Miles Davis (1926 – 1991) was an American jazz trumpeter, composer and band leader. He was one of the most important figures on the jazz scene and played a large part in introducing several new jazz styles. His album, Kind of Blue, is one of the most widely acclaimed jazz albums of all time. 

American jazz musician and composer Miles Davis

One of the tracks on his album Kind of Blue is today’s piece called All Blues. It is said that not long before the recording took place, Miles Davis gave the players a brief outline of the scales and melodies that they would improvise on. The album was recorded with hardly any rehearsal and today’s piece, All Blues was recorded on only the second take.

Things to listen out for:

The opening bar of the introduction is repeated several times. The snare drum is played using wire brushes swept across the drumhead.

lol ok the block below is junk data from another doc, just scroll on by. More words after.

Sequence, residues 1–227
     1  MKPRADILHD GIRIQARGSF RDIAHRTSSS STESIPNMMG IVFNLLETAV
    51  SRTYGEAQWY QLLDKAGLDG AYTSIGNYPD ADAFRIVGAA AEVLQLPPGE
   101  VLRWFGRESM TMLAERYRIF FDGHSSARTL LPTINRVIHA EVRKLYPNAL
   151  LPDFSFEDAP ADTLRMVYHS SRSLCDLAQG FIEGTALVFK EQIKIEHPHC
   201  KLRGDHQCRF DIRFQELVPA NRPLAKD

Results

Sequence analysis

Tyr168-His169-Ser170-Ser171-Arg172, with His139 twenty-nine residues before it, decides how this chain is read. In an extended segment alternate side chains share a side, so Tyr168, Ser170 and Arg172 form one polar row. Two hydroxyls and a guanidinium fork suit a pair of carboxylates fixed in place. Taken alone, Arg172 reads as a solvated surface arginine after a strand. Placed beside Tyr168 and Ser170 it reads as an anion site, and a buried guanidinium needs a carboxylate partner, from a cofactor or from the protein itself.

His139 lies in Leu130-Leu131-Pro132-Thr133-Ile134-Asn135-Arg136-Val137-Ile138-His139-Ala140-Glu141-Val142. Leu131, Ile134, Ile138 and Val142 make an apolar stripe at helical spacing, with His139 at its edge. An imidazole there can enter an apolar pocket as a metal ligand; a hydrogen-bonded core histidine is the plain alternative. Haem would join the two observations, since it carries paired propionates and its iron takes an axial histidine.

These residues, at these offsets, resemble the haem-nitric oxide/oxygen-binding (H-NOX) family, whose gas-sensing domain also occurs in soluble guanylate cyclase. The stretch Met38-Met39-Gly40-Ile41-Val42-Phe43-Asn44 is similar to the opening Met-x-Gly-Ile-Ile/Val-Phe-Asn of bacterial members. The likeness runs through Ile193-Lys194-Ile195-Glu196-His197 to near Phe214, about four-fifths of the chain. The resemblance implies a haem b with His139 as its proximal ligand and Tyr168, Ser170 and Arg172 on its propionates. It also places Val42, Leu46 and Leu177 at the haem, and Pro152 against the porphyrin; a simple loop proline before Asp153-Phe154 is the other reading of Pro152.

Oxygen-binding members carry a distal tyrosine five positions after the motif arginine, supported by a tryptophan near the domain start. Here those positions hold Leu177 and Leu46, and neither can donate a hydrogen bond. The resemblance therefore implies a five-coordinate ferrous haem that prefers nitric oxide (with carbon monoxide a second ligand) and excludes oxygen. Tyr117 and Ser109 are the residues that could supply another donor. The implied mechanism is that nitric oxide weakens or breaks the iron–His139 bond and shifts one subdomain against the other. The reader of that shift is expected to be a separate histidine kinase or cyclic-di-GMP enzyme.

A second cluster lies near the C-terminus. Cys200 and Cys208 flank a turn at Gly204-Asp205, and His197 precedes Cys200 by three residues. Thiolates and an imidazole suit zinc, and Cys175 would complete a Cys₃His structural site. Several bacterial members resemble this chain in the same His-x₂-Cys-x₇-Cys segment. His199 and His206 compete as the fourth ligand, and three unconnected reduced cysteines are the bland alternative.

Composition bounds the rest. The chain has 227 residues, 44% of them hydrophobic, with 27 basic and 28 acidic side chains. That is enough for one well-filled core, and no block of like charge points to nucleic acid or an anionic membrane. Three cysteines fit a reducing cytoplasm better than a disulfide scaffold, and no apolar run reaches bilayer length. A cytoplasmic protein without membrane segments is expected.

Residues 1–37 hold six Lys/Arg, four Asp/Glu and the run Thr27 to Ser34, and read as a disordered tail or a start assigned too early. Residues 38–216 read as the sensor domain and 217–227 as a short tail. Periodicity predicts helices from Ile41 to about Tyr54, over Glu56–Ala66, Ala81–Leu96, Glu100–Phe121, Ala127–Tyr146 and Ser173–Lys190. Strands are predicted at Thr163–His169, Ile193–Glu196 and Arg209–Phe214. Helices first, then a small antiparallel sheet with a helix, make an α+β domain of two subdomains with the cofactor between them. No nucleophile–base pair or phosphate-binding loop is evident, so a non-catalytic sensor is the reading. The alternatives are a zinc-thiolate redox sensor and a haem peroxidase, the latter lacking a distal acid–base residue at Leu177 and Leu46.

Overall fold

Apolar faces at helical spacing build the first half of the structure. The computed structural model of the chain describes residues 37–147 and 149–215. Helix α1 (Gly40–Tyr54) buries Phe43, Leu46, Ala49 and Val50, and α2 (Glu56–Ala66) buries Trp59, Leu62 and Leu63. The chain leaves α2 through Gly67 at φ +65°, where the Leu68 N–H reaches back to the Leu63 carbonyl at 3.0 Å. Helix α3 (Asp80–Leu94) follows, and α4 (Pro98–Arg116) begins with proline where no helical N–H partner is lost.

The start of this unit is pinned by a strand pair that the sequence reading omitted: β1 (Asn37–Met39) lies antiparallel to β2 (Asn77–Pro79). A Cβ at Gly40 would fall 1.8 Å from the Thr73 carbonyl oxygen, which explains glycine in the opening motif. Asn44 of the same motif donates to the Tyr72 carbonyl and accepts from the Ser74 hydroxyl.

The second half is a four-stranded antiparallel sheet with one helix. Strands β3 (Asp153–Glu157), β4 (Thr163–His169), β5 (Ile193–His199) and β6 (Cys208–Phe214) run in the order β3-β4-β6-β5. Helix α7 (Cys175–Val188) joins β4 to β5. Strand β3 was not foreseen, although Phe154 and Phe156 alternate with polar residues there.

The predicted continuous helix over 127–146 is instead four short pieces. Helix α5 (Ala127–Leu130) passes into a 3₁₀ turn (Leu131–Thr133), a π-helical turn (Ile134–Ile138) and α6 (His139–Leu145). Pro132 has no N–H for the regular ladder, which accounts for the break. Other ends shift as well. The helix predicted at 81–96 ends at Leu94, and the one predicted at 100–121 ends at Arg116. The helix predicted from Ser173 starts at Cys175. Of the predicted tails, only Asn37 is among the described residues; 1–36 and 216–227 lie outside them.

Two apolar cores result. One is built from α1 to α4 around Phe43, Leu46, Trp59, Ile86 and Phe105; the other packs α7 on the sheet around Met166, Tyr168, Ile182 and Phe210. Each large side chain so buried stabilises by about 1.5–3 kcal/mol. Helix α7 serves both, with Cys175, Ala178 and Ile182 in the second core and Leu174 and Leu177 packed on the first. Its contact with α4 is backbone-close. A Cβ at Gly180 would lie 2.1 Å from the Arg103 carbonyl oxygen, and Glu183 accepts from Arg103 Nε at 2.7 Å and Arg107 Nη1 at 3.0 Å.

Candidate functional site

After four bars of the introduction, the 4-bar riff is introduced. The piano, drums and bass continue their ostinati (repeated note pattern) and saxophones are added.

 After this riff, the muted trumpet plays the melody. Miles Davis uses a trumpet with a Harmon mute to alter the sound. In the opening bars the trumpet plays legato (smoothly). Listen out for the difference in sound when the mute is removed at 1 min 45.

The blues influence can be heard in the 12-bar blues chord structure and the use of blue notes. Compared with the major scale, some notes, known as blue notes may be flattened by a semitone or ‘bent’ by a smaller interval.

The music is in the Mixolydian mode (the white notes on the piano from G to G). All Blues is sometimes described as modal jazz.

Minor sevenths are added to most of the chords.

Chromatic harmony uses notes from outside the key to colour the chords. 

Each of the soloists improvises in the choruses.

Here is a live version of today’s piece:

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